Anti-gay activists have never lost a referendum on marriage equality (32-0), but that might be about to change. (Well, they did lose once in Arizona, but voters reversed themselves within a year.) Shifting demographics and more accepting attitudes could make 2012 the year that America junked the anti-gay marriage juggernaut. Voters will decide on marriage questions at the ballot box in Minnesota, Maine, Maryland, and Washington State.
The outcome of these fights is critically important because one of the extremist’s main talking points is that their track record proves that they represent “the people” against activist judges and the ruling elite who are enacting such laws against the will of voters.
Last week, I attended the Values Voter Summit in Washington, DC where there was a Saturday morning panel featuring leaders of the statewide fights against gay marriage. With the exception of the Minnesota representative, the anti-gay activists seemed as desperate as they were defeatist — which is a change from the optimism of previous years.
Carroll Conley, Executive Director of the Maine Family Policy Council, was incredibly pessimistic and claimed his campaign had “tremendous obstacles to overcome.” He began his speech by blasting the Catholic Church for not helping enough with his efforts.
“Our campaign is absent the leadership of the Catholic Church,” complained Conley. “This great ally in so many other battles and so many other times has chosen not to engage publicly. The Bishop’s absence is a tremendous obstacle in a predominantly Catholic state…we are seemingly not in a good place.”
Desperate to gain traction, Conley implored the audience to contact him if they knew of any “religious liberty conflicts” that he could presumably distort to trick voters into believing that marriage equality clashed with religious freedom.
If Conley is having trouble attracting support, it might be because his message is too sectarian and he appears to be using his campaign as an effort to proselytize:
“It is my belief that as we stand here on this beachhead, we are doing this for the glory of God, to honor him, to honor our community, and draw them to Jesus Christ. And I ask that you pray and consider that be our motivation that the Lord would anoint our efforts in his honor.”
Joseph Backholm, the Executive Director of Preserve Marriage Washington, was also a bit too much of a holy roller for the state he is representing: “You are not on the wrong side of history because God is not on the wrong side of history,” he piously proclaimed to the pompous puritans.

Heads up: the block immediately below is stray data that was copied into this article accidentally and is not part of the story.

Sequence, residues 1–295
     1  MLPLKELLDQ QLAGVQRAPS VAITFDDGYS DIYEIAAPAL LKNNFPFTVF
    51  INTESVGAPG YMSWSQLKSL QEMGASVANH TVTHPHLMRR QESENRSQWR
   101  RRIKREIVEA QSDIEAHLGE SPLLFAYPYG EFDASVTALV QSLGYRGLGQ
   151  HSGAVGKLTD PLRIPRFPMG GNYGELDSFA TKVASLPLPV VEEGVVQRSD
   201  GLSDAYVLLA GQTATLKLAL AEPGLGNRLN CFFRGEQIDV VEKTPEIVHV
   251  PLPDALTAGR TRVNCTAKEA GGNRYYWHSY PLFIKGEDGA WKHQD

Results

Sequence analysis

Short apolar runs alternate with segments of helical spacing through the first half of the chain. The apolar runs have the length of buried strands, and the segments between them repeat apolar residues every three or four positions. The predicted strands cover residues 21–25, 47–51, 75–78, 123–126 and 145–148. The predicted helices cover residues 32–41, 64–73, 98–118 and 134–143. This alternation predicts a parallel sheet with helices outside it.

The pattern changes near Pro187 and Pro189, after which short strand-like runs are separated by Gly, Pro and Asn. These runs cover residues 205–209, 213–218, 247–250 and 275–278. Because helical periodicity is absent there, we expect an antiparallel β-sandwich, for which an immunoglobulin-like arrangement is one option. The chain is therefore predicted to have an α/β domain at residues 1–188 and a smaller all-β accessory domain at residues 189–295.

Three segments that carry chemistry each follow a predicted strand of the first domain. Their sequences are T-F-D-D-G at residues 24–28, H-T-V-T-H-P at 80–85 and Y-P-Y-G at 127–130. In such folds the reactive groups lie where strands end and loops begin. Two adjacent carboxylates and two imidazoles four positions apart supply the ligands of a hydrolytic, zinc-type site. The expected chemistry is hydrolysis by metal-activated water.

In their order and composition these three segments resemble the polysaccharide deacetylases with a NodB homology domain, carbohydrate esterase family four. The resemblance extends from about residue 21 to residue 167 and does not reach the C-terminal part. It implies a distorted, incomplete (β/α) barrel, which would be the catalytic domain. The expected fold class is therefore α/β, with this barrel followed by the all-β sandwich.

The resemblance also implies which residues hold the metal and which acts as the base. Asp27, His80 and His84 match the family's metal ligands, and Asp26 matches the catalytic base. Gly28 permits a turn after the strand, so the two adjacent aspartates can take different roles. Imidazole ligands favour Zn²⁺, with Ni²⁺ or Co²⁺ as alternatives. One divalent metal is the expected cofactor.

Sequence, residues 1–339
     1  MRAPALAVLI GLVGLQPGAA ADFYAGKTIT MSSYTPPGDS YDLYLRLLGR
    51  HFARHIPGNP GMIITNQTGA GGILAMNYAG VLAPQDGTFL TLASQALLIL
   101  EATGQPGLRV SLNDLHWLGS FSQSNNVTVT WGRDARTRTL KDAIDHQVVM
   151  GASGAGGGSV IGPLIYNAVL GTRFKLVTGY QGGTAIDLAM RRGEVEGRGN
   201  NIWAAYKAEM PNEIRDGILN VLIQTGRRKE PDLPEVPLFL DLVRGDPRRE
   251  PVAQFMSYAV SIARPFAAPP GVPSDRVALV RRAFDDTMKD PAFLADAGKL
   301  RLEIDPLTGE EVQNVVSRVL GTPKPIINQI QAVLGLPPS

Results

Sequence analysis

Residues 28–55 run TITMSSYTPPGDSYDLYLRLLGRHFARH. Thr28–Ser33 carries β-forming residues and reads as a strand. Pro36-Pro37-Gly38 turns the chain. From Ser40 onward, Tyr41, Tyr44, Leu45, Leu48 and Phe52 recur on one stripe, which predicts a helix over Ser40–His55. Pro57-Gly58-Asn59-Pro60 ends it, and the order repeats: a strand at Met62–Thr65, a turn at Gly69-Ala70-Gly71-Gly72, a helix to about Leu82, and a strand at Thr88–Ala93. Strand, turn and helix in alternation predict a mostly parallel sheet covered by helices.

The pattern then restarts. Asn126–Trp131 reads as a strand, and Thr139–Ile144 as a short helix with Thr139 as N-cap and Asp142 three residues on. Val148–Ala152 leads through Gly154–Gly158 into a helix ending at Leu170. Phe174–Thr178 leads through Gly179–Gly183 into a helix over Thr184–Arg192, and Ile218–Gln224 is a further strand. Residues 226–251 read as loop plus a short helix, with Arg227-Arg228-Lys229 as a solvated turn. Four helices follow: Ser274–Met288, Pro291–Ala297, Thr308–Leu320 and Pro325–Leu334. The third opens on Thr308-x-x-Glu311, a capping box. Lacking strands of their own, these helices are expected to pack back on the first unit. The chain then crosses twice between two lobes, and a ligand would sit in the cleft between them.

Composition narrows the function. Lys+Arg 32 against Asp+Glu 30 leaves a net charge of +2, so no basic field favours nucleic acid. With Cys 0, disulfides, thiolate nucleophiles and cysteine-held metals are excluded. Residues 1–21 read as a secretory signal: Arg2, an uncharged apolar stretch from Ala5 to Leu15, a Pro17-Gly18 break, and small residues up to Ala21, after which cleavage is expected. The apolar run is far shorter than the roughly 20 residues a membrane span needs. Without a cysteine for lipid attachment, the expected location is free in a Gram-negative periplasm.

If not to underscore his disconnect with the majority of his state’s voters he declared, “I bring you greetings from the people’s Republic of Washington State.” This crowd of archconservatives that hallucinates commies under every rock had a hearty chuckle. But I’m not sure calling voters communists is the best way to convince them to support your cause.
The strategy of Backholm is fascinating. He believes that the majority of Washington voters don’t really support marriage equality. They are deceived, weak-minded, and subject to peer pressure not to appear homophobic. To counter this, his campaign has a simple message: “Demonstrate there is no inequality” and convince voters that they “can be kind and also support [heterosexual-only] marriage.” The problem Backholm will have with educated Washington voters is that neither assertion is true.
Derek McCoy, Executive Director for the Maryland Marriage Alliance, excited conferences goers with a rousing speech. His strategy was right out of the National Organization for Marriage’s disgraceful handbook: He would seek to drive a wedge between gay people and African Americans, as well as appeal to the state’s conservative Catholics. But, McCoy appears terrified that Obama’s support for marriage equality, as well as support from Gov. Martin O’Malley, will undermine his campaign.
“If we lose in Maryland specifically the headlines will read the next day, ‘Obama Wins On Gay Marriage’ and “Catholic governor of Maryland Switches the Catholic Vote.'”
John Helmberger, CEO of the Minnesota Family Council, was by far the most confident in winning. He claimed that his campaign was leading in every demographic. And he said there was no ethnic or religious group his campaign was not targeting: “We’ve been in the state’s largest mosques and they are solidly behind the marriage amendment….but getting out the vote is everything for us.”
The chance for victory in at least one state is fairly good, which will forever end the Religious Right’s claim that they represent “the people.” For now on, they will be forced to switch their message to the less appealing: “The people are against God.”
These anti-gay activists can pray all they want, but their useless movement doesn’t stand a prayer in the long run. People are wising up to their inflammatory lies and realizing that on the issue of gay marriage they are divorced from reality.
Wayne Besen is a columnist and author of the book “Anything But Straight: Unmasking the Scandals and Lies Behind the Ex-Gay Myth.”